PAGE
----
The Patriot Threat
A NovelCotton Malone (Volume 10)
Steve Berry's New York Times bestseller, The Patriot Threat, finds Cotton Malone racing to stop a rogue ex-KGB agent plotting revenge against the United States.
The 16th Amendment to the Constitution is why Americans pay income taxes. But what if there were problems associated with that amendment? Secrets that call into question decades of tax collecting? In fact, there is a surprising truth to this hidden possibility.
Cotton Malone, once a member of an elite intelligence division within the Justice Department known as the Magellan Billet, is now retired and owns an old bookshop in Denmark. But when his former-boss, Stephanie Nelle, asks him to track a rogue North Korean who may have acquired some top secret Treasury Department files—the kind that could bring the United States to its knees—Malone is vaulted into a harrowing twenty-four hour chase that begins on the canals in Venice and ends in the remote highlands of Croatia.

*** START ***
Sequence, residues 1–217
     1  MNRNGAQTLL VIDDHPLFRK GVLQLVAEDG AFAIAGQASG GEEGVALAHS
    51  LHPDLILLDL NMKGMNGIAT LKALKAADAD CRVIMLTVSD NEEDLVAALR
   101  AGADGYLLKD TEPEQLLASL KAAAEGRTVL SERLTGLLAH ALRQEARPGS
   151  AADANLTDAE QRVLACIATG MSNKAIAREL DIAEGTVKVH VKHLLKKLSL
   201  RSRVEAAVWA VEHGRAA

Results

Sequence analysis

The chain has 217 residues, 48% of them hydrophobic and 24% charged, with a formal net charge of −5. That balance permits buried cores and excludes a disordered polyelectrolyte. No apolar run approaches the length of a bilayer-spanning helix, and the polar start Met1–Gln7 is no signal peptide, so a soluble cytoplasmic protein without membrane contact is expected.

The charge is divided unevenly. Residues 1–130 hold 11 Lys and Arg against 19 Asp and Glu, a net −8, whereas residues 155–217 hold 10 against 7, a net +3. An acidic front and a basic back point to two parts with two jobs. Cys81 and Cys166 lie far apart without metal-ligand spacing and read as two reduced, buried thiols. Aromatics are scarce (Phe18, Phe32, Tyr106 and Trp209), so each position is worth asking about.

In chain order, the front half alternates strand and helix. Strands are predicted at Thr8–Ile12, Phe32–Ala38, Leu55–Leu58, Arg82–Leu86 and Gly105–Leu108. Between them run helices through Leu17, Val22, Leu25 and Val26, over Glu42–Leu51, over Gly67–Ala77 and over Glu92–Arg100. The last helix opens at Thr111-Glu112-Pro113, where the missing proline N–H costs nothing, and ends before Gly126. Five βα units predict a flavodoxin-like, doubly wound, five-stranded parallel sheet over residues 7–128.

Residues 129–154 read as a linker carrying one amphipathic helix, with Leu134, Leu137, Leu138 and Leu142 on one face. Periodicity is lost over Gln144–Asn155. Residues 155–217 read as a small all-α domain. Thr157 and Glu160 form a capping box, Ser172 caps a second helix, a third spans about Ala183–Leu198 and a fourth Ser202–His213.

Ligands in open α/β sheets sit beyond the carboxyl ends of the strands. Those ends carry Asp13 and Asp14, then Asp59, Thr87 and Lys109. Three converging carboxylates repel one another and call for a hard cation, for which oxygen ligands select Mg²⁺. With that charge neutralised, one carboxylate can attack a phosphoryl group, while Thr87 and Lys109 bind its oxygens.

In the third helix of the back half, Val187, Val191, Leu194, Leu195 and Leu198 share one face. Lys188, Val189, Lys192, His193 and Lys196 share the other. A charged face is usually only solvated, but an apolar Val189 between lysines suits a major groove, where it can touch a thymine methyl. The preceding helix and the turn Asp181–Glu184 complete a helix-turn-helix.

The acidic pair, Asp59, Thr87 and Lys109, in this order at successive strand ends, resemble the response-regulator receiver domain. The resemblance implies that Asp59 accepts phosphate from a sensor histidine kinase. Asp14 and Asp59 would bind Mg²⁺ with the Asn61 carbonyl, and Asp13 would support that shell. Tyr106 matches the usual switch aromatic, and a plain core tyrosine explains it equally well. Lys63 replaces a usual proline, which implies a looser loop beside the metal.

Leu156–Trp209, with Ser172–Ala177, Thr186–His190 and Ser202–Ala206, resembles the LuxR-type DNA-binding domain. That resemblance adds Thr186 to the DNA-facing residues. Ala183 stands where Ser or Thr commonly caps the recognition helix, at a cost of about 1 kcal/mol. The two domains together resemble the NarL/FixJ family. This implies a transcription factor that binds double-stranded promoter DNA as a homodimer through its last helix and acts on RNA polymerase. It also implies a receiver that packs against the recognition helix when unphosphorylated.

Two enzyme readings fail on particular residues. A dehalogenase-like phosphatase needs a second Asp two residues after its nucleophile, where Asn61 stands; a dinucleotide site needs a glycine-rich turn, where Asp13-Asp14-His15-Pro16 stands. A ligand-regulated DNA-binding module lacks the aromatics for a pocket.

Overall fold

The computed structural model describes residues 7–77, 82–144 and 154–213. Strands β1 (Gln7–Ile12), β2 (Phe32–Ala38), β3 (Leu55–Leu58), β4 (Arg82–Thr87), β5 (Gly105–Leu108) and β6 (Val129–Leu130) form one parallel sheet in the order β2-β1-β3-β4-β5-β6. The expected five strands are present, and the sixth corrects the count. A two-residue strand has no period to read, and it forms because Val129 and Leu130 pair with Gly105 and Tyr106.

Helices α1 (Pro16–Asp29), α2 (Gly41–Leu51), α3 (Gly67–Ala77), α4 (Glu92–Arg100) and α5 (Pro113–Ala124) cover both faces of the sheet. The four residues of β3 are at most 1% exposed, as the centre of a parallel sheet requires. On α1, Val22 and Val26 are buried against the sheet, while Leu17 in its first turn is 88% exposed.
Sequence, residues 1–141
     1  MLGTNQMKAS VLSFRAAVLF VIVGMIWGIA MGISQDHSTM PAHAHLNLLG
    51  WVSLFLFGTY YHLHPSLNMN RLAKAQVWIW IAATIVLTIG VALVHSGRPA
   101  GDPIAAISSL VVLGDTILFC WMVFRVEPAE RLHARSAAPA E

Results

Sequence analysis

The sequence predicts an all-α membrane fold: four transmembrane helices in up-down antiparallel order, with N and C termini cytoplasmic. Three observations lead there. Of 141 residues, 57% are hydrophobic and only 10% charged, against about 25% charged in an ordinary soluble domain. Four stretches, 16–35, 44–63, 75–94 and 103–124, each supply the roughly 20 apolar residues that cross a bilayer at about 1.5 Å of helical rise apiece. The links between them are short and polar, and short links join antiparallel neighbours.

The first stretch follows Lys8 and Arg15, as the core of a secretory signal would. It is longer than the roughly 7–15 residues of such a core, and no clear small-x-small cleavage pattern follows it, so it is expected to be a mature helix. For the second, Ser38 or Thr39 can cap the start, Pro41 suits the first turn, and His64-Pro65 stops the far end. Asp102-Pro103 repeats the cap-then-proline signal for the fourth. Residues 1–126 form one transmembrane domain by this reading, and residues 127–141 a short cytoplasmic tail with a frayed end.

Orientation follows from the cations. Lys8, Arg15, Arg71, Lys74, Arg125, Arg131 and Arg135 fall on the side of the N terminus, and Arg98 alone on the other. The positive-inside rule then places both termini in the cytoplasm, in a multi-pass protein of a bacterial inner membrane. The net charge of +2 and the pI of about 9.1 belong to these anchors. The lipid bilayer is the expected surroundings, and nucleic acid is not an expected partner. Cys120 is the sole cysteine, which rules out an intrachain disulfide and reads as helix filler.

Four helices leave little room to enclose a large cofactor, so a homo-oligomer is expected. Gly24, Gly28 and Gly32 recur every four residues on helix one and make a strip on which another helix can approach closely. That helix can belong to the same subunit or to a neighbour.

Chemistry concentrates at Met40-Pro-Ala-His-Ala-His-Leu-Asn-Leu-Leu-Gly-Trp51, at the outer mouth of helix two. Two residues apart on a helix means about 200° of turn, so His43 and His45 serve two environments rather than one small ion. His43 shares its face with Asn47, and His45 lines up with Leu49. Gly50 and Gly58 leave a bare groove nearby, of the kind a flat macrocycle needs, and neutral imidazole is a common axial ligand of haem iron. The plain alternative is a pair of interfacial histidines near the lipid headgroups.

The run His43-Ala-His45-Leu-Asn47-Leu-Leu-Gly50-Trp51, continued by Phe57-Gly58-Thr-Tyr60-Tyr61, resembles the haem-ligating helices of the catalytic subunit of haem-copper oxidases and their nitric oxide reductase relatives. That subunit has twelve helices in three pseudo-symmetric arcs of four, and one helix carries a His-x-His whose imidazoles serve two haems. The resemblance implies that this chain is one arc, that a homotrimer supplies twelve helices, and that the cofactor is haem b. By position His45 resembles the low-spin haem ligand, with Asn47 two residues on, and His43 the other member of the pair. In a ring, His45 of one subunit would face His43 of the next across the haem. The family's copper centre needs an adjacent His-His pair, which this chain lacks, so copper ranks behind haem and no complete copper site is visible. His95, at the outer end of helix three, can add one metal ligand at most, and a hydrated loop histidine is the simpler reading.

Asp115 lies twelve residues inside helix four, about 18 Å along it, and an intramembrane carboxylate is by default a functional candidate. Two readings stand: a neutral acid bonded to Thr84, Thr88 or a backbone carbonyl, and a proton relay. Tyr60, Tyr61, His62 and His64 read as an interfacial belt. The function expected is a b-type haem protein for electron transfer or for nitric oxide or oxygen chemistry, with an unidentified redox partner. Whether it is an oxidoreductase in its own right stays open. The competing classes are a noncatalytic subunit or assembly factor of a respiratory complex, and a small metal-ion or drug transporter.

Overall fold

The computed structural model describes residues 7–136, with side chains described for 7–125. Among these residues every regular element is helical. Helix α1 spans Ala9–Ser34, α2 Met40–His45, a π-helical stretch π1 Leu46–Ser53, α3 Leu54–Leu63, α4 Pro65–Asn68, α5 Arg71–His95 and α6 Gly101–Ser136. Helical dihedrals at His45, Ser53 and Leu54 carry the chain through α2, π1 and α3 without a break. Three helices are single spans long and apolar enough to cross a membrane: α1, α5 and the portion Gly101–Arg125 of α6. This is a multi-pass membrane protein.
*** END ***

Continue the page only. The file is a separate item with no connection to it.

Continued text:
With appearances by Franklin Roosevelt, Andrew Mellon, a curious painting that still hangs in the National Gallery of Art, and some eye-opening revelations from the $1 bill, this riveting, non-stop adventure is trademark Steve Berry—90% historical fact, 10% exciting speculation—a provocative thriller posing a dangerous question: What if the Federal income tax is illegal?
Audie Award Finalist
Steve Berry on The Patriot Threat
Find out about the new Steve Berry book THE PATRIOT THREAT from Steve Berry himself! To discover more about Steve Berry books and THE PATRIOT THREAT, visit: http://steveberry.orgShare This
Praise for The Patriot Threat
“One of Berry's best books to date.”—The New York Times
“Cotton Malone is once again thrown into the midst of fast-paced international threats. The history in this novel is intriguing, even to non-history buffs.”—RT Book Reviews
"Fans of political conspiracy fiction will find plenty to like."—Publishers Weekly
"Blending F.D.R. era history and tax resister rumors with intense international intrigue, The Patriot Threat manages to keep readers interested and throttling forward to the final paragraph."—Kirkus Reviews